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Social Credit System explained

by Tom Pattinson
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China has launched a national Social Credit System that takes data from multiple points to create a financial and social rating profile of individuals and companies. Tom Pattinson explains what it is and how it works: 

What is China’s Social Credit System?

Back in 2014, the government of China announced a plan to implement a social credit rating system and started rolling out pilot programmes across the country with aims for national implementation by 2020.

Since that launch there have been many articles, reports and even entire books written about the Orwellian nature of this pervasive system that it is claimed, would be monitoring resident’s social activities, human interactions and online behaviour, as well as their economic habits and spending power.

The basic concept is that data will be collected from multiple public and government sources to create a social profile of an individual citizen. Each individual start with 1,000 points, with points added for being a positive member of society and deducted if they do not contribute as positively.

Why is it needed?

The SCS is a way to show how trustworthy an individual is (or business but more on that later). This will benefit mortgage brokers, insurers and banks who might be looking to loan money or provide credit. It might also show whether a person is a suitable employee, a valuable addition to a team or even a suitable partner for marriage. For many individuals who have lived outside the traditional financial system, it will be a way to access credit, insurance and loans that previously inaccessible to them.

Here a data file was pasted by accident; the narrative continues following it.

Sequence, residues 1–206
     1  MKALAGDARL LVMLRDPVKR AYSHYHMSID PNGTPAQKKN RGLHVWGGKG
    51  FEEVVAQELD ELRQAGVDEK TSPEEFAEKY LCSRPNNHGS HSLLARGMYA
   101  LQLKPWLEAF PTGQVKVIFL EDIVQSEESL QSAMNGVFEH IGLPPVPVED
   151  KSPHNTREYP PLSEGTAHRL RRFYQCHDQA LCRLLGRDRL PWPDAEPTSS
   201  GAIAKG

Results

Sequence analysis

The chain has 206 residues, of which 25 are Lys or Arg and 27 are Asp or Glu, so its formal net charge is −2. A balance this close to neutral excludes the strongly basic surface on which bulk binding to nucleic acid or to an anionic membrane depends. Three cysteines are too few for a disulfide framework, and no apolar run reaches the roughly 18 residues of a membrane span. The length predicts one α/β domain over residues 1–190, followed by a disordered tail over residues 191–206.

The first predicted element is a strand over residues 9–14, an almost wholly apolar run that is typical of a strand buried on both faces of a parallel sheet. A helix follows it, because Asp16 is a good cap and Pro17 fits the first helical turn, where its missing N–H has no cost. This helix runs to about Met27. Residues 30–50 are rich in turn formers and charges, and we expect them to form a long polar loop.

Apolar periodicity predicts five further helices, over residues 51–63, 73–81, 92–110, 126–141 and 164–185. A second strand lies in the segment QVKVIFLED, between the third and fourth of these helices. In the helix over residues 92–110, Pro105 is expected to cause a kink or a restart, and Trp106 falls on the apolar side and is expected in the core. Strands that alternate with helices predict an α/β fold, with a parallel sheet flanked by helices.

Punishment and reward

The purpose of the SCS is to be able to provide those who contribute positively (for example, pay their bills on time) with rewards, such as better mortgage or insurance rates. Their children might be more readily accepted to better schools and they might be offered better housing. Those with low results might find borrowing money very difficult and could even be restricted from buying air and train tickets. It has been reported that 9 million people have already been barred from buying air tickets due to having a poor social credit rating. Those with higher scores will be able to bypass a lot of the red tape or fees that a person with a lower score might encounter when applying for a loan for example.

Tracking 4 streams

The SCS comprises of four main components that cover ‘administrative affairs, commercial activities, social behaviour and the judicial system.’ There are 30 different ratings, over 300 rating requirements that cover corporate compliance (for businesses) and individual behaviour (for individuals).

1. Administrative affairs

Existing government records (including individual personal records called Dangan that the government holds on individuals, and residency permits known as Hukou) have been traditionally held on paper. As these digitise they allow information on individuals to be found more efficiently.

China’s network of an estimated 170 million CCTV cameras fitted with facial recognition software means that people can be found in minutes and their movements documented.

Hospital and health records, as well as military, employment and information regarding tax payments and social insurances can also be found in this section.

2. Commercial activities

Private companies, especially e-commerce sites have vast amounts of big data and personal data on their customers and shoppers. These enterprises can not only monitor the type of products people buy but their credit ratings or ratings by other buyers and sellers. Chinese companies collect this data in the same way eBay ranks sellers based on their shipping or payment speeds. Western sites like Amazon also have ratings of their customers based on how often they return items.